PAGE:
Students develop analytics engine for the Lab of Things

Lab of Things (LoT)The Lab of Things (LoT) may sound like something you’d find in a sci-fi movie, but it is a lot more practical than that: it’s a research platform that makes it easy to deploy interconnected devices in multiple homes, then share your individual research data with other investigators, turning it all into a large-scale study. The LoT thus enhances field studies in such diverse disciplines as healthcare, energy management, and home automation. It not only makes deployment and monitoring easier—it also simplifies the analysis of experimental data and promotes sharing of data, code, and study participants, further lowering the barrier to evaluating ideas in a diverse set of environments where people live, work, or play.

One key to the success of the LoT is the involvement of the academic research community in developing extensions to the LoT infrastructure. These extensions can be in the form of drivers, applications, and cloud components such as analytics.

Shortly after we released the LoT in July of this year, a group of students from University College London (UCL) started poking around the code and got inspired: they’ve developed an analytics engine to scrutinize data collected from experiments and research applications running on the LoT. And this is no slouch of an engine, either. Among other things, it:

  • Permits easy integration of different platforms beyond the LoT, including HomeOS and the Internet of Things, allowing them to easily send device data to the engine.
  • Provides analytics for data collected from various field studies and for a wide range of use-case scenarios.
  • Offers HTTP-based APIs, which makes it connect to an internal/external client—a Windows 8 application, for example.
  • Employs a simple interface, enabling users to easily query and analyze data.

Watch the video: Students develop analytics engine for the Lab of Things

The analytical models provided by the UCL Lab of Things Analytics Engine allow the user to evaluate usage patterns of devices, compare data sets, and find anomalies. The engine also has the capability to run custom R scripts, thereby enabling users to employ statistical models beyond those directly implemented in the engine.

If you are interested in the LoT and running data analytics using the analytics engine, visit the Lab of Things site and the analytics engine CodePlex site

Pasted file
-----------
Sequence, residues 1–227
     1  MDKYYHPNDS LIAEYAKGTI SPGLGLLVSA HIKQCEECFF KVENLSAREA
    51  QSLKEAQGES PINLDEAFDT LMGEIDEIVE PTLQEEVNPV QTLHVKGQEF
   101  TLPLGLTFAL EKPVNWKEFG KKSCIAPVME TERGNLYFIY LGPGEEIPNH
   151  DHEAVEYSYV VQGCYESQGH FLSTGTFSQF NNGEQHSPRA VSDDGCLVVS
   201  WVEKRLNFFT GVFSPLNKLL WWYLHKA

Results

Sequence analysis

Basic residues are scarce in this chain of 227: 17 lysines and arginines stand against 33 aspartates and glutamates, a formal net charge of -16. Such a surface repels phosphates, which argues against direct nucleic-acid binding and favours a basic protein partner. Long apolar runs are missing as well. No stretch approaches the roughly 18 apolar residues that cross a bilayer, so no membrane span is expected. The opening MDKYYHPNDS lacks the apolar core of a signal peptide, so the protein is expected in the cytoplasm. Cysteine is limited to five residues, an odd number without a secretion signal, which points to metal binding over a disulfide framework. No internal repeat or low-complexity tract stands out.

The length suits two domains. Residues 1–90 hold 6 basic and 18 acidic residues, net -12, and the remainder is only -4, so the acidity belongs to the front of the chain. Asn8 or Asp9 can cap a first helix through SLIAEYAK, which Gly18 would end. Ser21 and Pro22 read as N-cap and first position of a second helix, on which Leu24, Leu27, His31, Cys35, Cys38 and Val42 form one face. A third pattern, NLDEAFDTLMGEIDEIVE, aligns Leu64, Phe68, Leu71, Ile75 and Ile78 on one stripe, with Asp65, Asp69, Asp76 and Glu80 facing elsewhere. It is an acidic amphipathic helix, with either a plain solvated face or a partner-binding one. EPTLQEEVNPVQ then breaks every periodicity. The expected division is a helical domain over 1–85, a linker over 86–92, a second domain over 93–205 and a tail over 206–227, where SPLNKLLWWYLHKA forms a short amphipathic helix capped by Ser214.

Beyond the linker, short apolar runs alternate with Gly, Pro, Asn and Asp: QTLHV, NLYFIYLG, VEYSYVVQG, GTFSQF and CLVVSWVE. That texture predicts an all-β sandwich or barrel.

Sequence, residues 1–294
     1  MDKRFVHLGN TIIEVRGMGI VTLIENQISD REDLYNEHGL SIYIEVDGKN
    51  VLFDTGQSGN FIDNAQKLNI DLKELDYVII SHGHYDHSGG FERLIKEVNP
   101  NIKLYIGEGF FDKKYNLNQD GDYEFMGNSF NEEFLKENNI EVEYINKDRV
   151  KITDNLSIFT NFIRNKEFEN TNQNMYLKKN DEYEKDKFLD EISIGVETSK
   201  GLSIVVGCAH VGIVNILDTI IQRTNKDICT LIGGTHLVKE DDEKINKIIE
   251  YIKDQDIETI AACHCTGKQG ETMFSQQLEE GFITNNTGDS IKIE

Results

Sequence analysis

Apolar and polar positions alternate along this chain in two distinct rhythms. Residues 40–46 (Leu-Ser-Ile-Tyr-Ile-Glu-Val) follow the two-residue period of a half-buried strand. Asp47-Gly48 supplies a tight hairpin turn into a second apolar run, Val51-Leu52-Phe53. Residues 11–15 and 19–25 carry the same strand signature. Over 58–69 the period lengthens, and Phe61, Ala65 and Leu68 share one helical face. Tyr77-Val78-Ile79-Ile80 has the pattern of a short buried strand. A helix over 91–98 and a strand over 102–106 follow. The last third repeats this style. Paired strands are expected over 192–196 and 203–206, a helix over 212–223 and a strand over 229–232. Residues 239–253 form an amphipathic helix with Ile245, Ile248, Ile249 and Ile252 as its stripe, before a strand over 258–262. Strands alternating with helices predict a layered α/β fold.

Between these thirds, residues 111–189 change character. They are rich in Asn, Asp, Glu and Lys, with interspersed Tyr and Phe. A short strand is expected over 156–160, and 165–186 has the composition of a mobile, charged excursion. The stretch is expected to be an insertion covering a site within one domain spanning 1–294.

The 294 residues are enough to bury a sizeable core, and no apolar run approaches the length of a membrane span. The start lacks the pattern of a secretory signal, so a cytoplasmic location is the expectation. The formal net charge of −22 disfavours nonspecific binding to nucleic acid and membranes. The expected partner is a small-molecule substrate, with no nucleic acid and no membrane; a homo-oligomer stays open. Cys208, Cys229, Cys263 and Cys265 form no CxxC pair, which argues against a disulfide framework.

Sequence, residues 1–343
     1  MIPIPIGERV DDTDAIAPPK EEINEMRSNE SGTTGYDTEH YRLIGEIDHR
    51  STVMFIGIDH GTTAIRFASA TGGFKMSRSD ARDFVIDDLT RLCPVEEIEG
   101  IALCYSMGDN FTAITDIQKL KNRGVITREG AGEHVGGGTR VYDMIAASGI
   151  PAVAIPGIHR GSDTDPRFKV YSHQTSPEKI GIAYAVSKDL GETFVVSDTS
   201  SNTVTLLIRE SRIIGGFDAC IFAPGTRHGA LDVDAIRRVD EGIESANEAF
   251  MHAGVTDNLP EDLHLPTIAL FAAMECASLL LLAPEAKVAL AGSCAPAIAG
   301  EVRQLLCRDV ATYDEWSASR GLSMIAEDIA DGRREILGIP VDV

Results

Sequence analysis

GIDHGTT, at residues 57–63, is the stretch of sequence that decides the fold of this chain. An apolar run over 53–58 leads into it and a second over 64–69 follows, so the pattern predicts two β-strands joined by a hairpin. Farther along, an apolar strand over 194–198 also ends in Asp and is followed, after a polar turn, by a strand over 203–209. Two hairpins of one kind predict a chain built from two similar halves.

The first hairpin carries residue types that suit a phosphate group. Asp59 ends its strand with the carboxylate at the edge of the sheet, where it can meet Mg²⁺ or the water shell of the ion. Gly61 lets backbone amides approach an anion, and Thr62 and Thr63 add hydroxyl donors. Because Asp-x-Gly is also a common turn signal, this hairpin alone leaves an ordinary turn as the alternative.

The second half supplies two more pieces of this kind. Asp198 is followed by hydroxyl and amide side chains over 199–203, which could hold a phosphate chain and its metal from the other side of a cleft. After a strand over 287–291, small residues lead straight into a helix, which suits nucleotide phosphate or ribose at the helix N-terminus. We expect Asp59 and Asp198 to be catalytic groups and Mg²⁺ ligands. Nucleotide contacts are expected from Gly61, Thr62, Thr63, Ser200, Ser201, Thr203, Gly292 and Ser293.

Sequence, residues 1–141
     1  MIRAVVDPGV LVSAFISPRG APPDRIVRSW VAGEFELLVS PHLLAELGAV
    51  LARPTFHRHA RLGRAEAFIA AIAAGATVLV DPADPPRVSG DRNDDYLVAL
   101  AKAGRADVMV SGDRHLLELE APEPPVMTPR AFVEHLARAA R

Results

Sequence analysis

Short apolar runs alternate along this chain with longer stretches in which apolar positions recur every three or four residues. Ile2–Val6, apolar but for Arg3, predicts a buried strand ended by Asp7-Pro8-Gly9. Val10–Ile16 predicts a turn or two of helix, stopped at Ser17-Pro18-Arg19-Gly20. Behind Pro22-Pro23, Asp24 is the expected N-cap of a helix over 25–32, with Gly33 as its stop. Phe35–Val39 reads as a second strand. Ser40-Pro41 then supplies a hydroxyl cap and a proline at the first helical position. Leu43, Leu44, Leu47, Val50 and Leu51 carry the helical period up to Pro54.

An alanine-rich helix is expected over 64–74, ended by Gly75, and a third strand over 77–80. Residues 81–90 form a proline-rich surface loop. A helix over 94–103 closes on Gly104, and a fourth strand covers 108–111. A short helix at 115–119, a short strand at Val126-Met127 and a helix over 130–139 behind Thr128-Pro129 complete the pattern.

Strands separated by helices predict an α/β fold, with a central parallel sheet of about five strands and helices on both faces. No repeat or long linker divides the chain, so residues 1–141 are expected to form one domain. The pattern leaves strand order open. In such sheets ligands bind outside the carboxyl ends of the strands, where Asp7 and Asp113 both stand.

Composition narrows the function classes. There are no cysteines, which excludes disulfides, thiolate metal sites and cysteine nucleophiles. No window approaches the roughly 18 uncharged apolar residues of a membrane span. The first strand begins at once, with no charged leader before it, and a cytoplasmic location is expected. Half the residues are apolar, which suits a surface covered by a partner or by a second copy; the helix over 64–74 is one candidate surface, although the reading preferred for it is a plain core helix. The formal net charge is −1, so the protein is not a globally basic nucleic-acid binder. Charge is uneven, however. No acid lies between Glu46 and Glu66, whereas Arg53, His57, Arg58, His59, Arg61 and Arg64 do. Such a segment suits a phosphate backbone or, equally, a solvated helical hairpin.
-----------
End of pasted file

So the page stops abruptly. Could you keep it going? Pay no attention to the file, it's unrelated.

Arjmand Samuel, Senior Research Program Manager, Microsoft Research Connections

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Comments (4)
  1. Sean Arnould says:

    I am very interested in reading about LOT; however Silverlight says it does not support 64 bit versions. Thus I am not able to see what you want to show.

  2. ksemyan says:

    Thanks for your interest in the Lab of Things! The video is also hosted on YouTube at

  3. patricia cornell grandmother helping granddaughter says:

    My granddaughter is a junior in high school in Lancaster, Ma. She read Jennifer Tour Chayes' article on the possibilities of Social Scientists. She is leaning towards Psycology in some new way and needs to talk to someone who could give her ideas of some course lines she could pursue. I started researching for and found you. Your company sounds so stimulating I wondered if she could talk to someone and possibly visit. She was an A student last year with excelerated courses.  She is a seasoned gymnast/cheerleader as well as active in sports and volunteer work.   I really appreciate any help you might be able to give. Thank you. Grandma

  4. ksemyan says:

    Thank you for the interest you have taken in Microsoft Research and your granddaughter’s future—she is fortunate to have you on her side. We have a few suggestions:

    1. Check out DigiGirlz (, a Microsoft program that gives high school girls the opportunity to learn about careers in technology, connect with Microsoft employees, and participate in hands-on computer and technology workshops.
    2. Review the resources and networking opportunities available through our partner, the National Center for Women & Information Technology (, including their Aspirations in Computing program (
    3. Suggest to your granddaughter that she talk with her school counselor for guidance as she explores possible fields to pursue in her continuing education.

    Regards, Microsoft Research Connections team

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